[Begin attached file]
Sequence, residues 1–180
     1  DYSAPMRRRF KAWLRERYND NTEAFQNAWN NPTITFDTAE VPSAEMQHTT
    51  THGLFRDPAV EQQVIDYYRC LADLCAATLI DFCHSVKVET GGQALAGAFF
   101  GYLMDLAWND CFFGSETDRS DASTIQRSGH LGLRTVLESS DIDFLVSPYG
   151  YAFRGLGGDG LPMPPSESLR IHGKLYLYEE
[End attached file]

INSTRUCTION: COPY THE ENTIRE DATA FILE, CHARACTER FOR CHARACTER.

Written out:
Sequence, residues 1–180
     1  DYSAPMRRRF KAWLRERYND NTEAFQNAWN NPTITFDTAE VPSAEMQHTT
    51  THGLFRDPAV EQQVIDYYRC LADLCAATLI DFCHSVKVET GGQALAGAFF
   101  GYLMDLAWND CFFGSETDRS DASTIQRSGH LGLRTVLESS DIDFLVSPYG
   151  YAFRGLGGDG LPMPPSESLR IHGKLYLYEE